A lot of networking equipment will refer to its network connections as full-duplex or half-duplex. This term often isn’t explained, however, as it is assumed that people will know what it means. A duplex communication system is a system where two or more users can communicate in both directions.
In a full-duplex system, both parties can communicate simultaneously. Both devices can send and receive data to and from each other at the same time.
A telephone is a well-known example of a full-duplex system, as both parties can speak and listen to the other user at the same time (regardless of their ability to understand one another while talking at the same time!)
In a half-duplex system, both parties can still communicate with each other, however, only one user can transmit data at a time. For example, with walkie-talkies, a two way-radio system using push-to-talk buttons, a user can either listen or talk at any one time, not both.
A walkie-talkie defaults to being able to receive messages. If a user wants to communicate, they need to press the push-to-talk button, at which point their device is switched into transmit mode. When the push to talk button is released the device switches back into receiving mode. Other half-duplex devices operate in a similar manner, defaulting to receiving and only transmitting when they need to.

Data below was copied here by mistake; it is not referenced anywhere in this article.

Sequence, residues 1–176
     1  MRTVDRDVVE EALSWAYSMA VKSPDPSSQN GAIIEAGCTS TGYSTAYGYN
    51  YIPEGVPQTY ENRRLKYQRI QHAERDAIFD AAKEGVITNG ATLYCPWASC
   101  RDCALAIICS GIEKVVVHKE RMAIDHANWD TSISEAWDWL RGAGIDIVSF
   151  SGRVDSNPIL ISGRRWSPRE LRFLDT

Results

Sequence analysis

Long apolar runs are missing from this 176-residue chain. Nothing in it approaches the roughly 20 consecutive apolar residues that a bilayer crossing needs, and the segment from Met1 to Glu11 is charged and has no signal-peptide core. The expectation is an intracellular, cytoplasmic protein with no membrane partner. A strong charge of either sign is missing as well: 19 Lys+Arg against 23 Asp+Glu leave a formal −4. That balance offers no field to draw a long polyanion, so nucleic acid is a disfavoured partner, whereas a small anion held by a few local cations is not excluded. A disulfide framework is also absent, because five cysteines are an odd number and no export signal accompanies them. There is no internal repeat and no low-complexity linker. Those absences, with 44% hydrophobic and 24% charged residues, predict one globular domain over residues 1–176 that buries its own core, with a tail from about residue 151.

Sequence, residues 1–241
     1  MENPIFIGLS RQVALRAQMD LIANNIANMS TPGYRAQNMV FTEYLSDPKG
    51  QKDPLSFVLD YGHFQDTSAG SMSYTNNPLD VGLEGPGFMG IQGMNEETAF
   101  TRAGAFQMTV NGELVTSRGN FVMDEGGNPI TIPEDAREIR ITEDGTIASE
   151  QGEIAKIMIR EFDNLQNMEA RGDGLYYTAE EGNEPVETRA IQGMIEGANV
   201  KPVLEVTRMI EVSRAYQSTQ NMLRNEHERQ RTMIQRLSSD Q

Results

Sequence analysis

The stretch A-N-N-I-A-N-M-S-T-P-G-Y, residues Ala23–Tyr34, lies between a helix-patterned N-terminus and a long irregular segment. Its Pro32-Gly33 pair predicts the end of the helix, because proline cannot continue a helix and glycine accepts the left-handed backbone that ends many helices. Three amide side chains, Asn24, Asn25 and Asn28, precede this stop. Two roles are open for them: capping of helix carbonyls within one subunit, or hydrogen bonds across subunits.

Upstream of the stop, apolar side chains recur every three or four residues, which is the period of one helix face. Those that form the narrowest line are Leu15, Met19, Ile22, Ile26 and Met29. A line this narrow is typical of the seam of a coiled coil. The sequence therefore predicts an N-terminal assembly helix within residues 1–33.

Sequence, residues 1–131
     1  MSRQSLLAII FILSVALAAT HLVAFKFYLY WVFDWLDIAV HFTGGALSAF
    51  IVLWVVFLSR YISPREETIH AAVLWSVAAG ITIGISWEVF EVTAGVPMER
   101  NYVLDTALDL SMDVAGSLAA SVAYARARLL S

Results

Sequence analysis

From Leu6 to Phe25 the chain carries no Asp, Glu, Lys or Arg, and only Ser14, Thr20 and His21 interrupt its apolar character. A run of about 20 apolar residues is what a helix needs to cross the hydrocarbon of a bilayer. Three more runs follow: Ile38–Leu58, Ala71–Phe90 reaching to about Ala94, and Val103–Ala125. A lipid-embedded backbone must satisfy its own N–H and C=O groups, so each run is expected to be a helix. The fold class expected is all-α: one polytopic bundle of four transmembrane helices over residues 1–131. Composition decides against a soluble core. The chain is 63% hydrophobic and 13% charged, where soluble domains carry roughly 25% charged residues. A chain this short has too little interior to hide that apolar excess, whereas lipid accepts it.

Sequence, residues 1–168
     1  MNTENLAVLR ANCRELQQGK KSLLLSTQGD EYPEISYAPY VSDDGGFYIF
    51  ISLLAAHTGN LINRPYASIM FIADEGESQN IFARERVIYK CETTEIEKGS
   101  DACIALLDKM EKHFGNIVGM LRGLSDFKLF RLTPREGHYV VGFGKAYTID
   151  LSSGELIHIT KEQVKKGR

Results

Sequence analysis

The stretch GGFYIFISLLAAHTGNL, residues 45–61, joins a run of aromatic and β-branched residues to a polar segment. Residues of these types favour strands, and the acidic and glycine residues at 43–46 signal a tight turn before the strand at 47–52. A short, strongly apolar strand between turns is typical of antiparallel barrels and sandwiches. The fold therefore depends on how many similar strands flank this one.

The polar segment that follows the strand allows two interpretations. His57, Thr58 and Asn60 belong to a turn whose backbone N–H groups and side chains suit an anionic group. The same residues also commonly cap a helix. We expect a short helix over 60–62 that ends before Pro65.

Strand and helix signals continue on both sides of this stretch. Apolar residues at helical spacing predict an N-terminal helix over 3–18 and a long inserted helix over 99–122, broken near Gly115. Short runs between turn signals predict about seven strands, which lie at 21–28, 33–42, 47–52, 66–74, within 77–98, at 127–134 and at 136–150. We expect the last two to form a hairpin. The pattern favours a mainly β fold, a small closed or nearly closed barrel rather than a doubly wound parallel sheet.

Tip: Devices that don’t require any form of duplex communication are referred to as simplex. In simplex systems, a device is either a transmitter or a receiver. Radio and TV are good examples of simplex technology.
Half-duplex systems are generally more simplistic in some ways. For example, only a single wire or radio-frequency is required for half-duplex communication channels. In comparison, a full-duplex system needs at least two wires or radio frequencies, one for transmission and one for receiving.
Collisions in half-duplex
The main issue with half-duplex systems is the risk of collisions, where more than one user or device attempts to transmit data at the same time. To prevent collisions, a collision-avoidance system, collision-detection system, or both need to be implemented.
In a collision-detection system, the transmitting devices will detect that a collision has occurred and pause transmissions for a random time before attempting to transmit again. This random pause is designed to avoid both devices attempting to re-transmit at the same time and colliding again.
In a collision-avoidance system, a device that wishes to transmit data checks if the network is free before transmitting. If the network is in use, it pauses for a random time before checking again.
Combining collision-avoidance and collision-detection systems is a generally effective way of managing half-duplex communications of networking gear and can cause negligible delays in most circumstances. In a manual system like with walkie-talkies however, the users have to perform this function manually, this has led to standards such as ending messages with the word “over”.